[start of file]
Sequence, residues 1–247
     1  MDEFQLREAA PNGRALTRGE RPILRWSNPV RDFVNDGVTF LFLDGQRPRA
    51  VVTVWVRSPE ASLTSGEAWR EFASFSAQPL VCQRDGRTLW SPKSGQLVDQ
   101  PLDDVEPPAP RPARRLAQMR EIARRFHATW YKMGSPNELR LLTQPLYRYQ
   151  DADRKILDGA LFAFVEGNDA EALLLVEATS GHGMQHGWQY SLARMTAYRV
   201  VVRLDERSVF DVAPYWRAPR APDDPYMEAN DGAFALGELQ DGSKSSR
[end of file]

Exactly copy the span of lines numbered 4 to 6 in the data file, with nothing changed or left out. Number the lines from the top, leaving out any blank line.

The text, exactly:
   101  PLDDVEPPAP RPARRLAQMR EIARRFHATW YKMGSPNELR LLTQPLYRYQ
   151  DADRKILDGA LFAFVEGNDA EALLLVEATS GHGMQHGWQY SLARMTAYRV
   201  VVRLDERSVF DVAPYWRAPR APDDPYMEAN DGAFALGELQ DGSKSSR